Trudeau: I was suspicious at first. When you think of streaming TV, you think of low production values. But Amazon said, “We want to compete directly with HBO. We want shows of that production quality, and we’re prepared to put up the resources.” Once they were in at that level, I began taking their offer pretty seriously. And they’re impressive people, especially the smart young woman who worked with me, Sarah Babineau [a comedy executive at Amazon], and helped get Alpha House launched. But she’s leaving to become a Comedy Central vice president. Good for them, not as good for us. We’ll miss her.
RM: Doonesbury became a musical. There was a Thanksgiving-time special in 1977. Ever thought about a live action or animation film?
Trudeau: I did it as animation in 1977. John Hubley directed that and he, quite sadly, died in surgery during the production. We did it for NBC. I hoped it would be an evergreen — the gold standard was Peanuts. The show got really wonderful critical response. It even got an Academy Award nomination because it was released in theaters in Los Angeles. The network calls me in and I’m thinking they’ll tell me, “This is just the beginning!” But, no, it was, “Sorry, we’re not going to do it again.” “Why not?” “The ratings don’t justify it. Only 21 million watched.” It was a different era. Today, the audiences are so tiny and slight, and they’re very specific — and sometimes quite fanatic. The Daily Show, which is a huge hit, has about 2 million viewers. Its cultural influence is outsized in proportion to its numbers. Also, it just happens to be a brilliant show.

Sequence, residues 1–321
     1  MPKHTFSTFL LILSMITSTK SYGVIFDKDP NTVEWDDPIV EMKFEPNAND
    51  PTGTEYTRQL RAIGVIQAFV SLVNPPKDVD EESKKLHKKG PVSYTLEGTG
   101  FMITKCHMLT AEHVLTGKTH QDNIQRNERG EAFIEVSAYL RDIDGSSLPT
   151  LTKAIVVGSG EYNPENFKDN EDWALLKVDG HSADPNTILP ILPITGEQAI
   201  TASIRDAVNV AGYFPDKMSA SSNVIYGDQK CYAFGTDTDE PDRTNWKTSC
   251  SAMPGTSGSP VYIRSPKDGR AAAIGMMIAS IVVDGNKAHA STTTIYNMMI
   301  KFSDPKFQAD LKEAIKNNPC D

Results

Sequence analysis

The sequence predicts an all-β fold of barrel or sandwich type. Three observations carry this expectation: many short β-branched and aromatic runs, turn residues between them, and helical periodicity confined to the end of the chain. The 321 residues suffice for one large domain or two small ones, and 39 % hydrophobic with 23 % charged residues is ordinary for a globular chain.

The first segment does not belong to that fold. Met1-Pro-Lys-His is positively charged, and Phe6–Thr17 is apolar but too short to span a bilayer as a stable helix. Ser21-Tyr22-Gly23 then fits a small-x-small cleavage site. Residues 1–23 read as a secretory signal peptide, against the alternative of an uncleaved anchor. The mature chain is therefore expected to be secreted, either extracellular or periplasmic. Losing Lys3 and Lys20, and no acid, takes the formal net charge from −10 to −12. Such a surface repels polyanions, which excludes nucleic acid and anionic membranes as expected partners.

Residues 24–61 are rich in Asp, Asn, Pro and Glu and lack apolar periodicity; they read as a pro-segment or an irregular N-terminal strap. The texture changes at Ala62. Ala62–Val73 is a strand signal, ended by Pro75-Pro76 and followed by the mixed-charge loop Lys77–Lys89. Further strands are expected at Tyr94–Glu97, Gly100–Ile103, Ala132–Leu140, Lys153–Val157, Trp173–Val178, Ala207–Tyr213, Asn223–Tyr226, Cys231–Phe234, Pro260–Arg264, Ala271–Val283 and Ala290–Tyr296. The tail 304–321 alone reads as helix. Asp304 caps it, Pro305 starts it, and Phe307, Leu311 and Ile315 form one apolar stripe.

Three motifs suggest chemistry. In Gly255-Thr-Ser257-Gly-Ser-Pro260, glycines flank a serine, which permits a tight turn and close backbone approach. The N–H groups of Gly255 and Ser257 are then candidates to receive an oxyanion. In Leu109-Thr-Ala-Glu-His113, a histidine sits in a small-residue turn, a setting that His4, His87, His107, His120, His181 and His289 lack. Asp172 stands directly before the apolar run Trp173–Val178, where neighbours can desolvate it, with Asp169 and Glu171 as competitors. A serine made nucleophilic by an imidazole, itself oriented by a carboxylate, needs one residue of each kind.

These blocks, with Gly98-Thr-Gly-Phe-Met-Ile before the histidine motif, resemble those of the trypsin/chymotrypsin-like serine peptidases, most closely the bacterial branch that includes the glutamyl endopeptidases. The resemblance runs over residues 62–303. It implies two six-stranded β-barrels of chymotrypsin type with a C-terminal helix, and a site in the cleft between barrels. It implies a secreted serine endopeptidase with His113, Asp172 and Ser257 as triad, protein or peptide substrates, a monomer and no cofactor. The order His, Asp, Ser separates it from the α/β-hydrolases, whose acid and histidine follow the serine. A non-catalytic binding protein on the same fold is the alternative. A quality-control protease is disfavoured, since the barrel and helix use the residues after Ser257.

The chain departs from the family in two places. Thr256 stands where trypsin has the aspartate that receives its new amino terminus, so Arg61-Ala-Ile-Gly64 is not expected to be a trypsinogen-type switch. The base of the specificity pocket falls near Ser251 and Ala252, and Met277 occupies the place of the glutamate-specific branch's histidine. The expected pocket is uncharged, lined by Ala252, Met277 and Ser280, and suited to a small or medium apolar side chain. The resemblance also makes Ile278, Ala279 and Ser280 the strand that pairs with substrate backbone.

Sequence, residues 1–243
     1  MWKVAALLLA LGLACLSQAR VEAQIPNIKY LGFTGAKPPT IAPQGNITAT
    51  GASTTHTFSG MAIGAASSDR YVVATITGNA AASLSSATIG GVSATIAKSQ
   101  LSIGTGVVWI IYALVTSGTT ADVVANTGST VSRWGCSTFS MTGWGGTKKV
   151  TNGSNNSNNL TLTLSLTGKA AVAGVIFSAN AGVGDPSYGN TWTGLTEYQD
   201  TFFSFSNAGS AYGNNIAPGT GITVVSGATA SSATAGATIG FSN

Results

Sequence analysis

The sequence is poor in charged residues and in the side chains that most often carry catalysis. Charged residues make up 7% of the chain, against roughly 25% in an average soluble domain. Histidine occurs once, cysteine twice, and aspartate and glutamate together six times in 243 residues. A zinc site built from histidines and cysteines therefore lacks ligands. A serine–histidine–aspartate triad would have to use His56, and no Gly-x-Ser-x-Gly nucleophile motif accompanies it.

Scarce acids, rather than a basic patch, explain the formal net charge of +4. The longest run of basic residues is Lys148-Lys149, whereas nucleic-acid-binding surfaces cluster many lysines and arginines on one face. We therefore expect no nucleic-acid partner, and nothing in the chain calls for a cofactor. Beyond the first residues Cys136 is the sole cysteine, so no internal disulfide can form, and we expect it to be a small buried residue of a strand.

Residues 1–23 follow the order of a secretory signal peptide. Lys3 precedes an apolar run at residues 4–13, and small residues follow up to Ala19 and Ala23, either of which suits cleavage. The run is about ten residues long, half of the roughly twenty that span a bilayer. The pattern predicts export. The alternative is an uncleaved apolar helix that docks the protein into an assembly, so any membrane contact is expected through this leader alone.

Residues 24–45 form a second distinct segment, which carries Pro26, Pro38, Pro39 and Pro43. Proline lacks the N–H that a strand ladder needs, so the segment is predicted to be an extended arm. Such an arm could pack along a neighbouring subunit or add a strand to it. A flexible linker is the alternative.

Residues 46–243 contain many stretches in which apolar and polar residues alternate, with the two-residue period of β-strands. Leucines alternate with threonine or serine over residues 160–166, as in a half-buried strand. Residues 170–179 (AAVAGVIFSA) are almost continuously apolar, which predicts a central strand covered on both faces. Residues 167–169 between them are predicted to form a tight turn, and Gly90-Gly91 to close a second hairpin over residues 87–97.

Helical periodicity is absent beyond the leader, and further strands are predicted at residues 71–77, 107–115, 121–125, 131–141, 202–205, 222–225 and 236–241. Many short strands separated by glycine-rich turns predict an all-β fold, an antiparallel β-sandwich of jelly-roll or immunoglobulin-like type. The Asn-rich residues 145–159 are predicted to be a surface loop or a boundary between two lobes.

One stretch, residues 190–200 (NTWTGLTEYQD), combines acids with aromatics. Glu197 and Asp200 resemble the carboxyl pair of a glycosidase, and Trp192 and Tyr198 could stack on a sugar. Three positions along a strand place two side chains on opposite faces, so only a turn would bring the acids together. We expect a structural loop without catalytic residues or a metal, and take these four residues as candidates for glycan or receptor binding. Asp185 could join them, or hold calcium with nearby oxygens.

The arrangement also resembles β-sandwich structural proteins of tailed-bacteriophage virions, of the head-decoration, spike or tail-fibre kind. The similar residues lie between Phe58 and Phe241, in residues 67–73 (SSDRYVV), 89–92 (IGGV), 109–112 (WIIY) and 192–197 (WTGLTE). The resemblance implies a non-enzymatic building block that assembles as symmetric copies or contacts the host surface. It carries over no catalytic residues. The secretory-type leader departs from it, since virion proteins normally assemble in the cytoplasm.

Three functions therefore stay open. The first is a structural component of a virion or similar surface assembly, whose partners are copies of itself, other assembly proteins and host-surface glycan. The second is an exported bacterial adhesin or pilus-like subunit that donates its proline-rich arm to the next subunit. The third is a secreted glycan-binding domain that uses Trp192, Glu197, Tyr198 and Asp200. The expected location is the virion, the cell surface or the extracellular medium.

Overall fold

RM: Here in Richmond, as elsewhere, Doonesbury has been reproduced in ever smaller sizes.
Trudeau: The size issue is a huge problem for newspaper comics, generally. The audience that is most devoted to the comic pages is, let’s face it, getting older and they have to strain to see the things. Comics have dwindled now in comparison to their golden era, not only in their physical size on a page, but their impact. You go back to the 1940s and strips were part of the national conversation and the culture. I came in at the tail end of that era.
RM: Speaking of the 1940s, certain elements of Doonesbury are reminiscent of Walt Kelly and Pogo.
Trudeau: Pogo is part of my education. Still mesmerizing. I can’t believe his brilliance. He could write and tell stories that remain relevant and through it all, even the tiniest little bug had a personality. He trained with [Walt] Disney; he had that fluency, and he was good right out of the gate. In 1948 [when Pogo began running as a newspaper comic], the strip was almost there already. His political caricatures were unbelievable.
RM: At this stage of your career, do you get more anxious about starting a project — or finishing it?
Trudeau: Doing the strip, week after week, year after year, I got accustomed to deadlines. The biggest challenge, and revelation [with Alpha House], is that I’ve worked for decades by myself in a room. I never had a full-time employee — now I have 120. Turns out I actually like collaborating with highly talented people working at their best. There’s something to this that came from a very, very early experience. Between the ages of 7 and 17 — I gave it up for college — I ran a neighborhood theater. I built the sets, posted photos in the program, in imitation of a professional theater. I called it “The Acting Corporation” — “The AC.” I thought the word “corporation” made it seem important and more real. I didn’t want to be in the show; I just wanted to be the impresario that made the show happen. And now, here I am.